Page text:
But it was a chit-chat between friends and I understood. I do it. Others do it. Then the flowers and notes came from the Prince of Pop for his subjects in the office and his former chief servant, who was me. Classy act, I murmured. But then again I was told that he was whining, “Wala man lang nag-text nag-thank you, bakit? Nakapatay ba ako ng tao?” So the Prince of Pop was kvetching again because his subjects were ingrates and were sordidly déclassé for not responding properly to their master.
And then there was a press conference for Erik’s album. Trouble started to brew again in paradiso. According to one article, “Boy Abunda is sulking because of Erik’s departure from Backroom.” One said, “Boy is hurting because Erik left Backroom.”
It was time to go to (a just) war in red stilettos. It was time to tell the true story, and it’s a short, simple story. Erik Santos was badmouthing me and Backroom. “Mag-isa lang akong nag-iisip. Wala naman nagpaplano para sa akin.” So everyone was a useless nincompoop watching him steer his career towards the Pacific Ocean. Backroom as a talent management office may not be the best. It has many failings and shortcomings. There was an incident on the Sunday show ASAP where he was being taken out of his production number. Of course, he raised hell. It was no way to treat anyone, more so the Prince of Pop.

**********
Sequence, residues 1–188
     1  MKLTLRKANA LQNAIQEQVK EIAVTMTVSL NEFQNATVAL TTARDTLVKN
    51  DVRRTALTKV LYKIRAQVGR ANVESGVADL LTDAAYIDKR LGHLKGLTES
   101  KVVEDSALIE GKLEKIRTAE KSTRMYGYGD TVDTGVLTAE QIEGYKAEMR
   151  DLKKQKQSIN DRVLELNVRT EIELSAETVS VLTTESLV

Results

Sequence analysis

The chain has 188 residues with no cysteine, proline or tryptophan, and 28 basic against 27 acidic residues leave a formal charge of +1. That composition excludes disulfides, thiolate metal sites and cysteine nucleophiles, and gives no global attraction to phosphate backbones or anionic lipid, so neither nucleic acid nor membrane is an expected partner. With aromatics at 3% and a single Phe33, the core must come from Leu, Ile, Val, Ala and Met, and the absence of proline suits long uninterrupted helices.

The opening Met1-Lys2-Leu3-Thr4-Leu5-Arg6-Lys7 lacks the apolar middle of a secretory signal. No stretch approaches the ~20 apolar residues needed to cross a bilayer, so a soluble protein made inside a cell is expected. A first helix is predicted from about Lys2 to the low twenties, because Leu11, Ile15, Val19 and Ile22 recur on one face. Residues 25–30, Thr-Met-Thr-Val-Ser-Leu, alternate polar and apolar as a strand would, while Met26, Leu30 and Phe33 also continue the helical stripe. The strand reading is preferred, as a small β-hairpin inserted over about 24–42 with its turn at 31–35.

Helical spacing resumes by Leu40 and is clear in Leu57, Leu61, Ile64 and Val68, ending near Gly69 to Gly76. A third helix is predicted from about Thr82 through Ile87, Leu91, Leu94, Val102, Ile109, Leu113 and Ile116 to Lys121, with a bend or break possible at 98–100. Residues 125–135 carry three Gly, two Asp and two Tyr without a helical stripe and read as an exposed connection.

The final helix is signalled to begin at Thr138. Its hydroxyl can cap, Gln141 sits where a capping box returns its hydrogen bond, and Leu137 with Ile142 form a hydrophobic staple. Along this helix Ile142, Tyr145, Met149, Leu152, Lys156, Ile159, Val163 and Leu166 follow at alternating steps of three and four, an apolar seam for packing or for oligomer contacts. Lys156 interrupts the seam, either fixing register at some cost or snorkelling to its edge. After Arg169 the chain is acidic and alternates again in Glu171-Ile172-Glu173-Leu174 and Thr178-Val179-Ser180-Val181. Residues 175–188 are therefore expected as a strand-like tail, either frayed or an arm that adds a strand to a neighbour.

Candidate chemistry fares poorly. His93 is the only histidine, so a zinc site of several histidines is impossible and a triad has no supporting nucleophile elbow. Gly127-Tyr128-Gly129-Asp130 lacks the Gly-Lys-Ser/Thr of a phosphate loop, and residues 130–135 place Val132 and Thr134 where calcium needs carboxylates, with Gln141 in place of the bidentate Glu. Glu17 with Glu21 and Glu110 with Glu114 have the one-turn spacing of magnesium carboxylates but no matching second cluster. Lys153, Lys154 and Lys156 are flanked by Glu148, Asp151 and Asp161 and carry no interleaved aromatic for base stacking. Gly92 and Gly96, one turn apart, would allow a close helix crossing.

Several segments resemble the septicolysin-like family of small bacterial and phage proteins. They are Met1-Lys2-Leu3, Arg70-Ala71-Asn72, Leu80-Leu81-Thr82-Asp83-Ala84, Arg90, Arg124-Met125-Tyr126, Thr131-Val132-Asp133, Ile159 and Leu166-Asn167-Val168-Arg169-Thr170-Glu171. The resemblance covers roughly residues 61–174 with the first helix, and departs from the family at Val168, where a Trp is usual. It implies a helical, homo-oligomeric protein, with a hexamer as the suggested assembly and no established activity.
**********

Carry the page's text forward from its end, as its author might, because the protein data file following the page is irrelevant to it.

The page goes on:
Unfortunately, there was no Backroom staff with him. “Mag-isa lang ako. Para akong tanga,” he ranted. This was a valid complaint I told Rowena Salido. “Kung hindi ko pa tinawagan si Tito Boy, he wouldn’t have called Joyce Liquicia (business unit head for ASAP).” This one was a lie. I called Joyce after the incident was reported to me by Rowena, then I called Erik to let him know that I already spoke to Joyce.
And then there were things he didn’t like in the office. For out-of-town gigs, he didn’t like Andy because he snores, Bettina overpowers, Liza doesn’t mind him. He only likes Leo because he unpacks his luggage like a dutiful geisha. Having confirmed that he had been talking behind my back and against the office, we decided to politely release him.
I took a break from Backroom because I want to take care of my Nanay. Backroom is now being run by the very people who helped me build it through the years — before and after Erik is long gone. That office is small and simple. It operates on no-frills policies. It takes care of its employees. It’s far from being a wealthy talent management house, but it is sturdy because it’s built on a solid foundation of love, humility and integrity.
I used to tell Erik that, “what sets you apart is that you’re a good person.”
Even in pain, I still believe he is a good guy who works hard for his family. He is devoted to his mother.
This is perhaps just a phase when we need to be shaken to be reminded that we all go back to dust in the end.
After I’ve said what needs to be said, I forgive Erik. I also know in my heart that one day he will realize his little mistakes and learn from them. I also wish that he finds it in his heart to forgive our little sins borne and burnt out of too much zeal and love for the people we work for.
It’s a thankless job I know but sometimes it is worth it despite the noise and posturings when someone whispers “thank you.”
I may have been hurt but I’m not broken. I pray to God that Erik, the Backroom management and staff, and I will come out better people after “bleak razzmatazz.”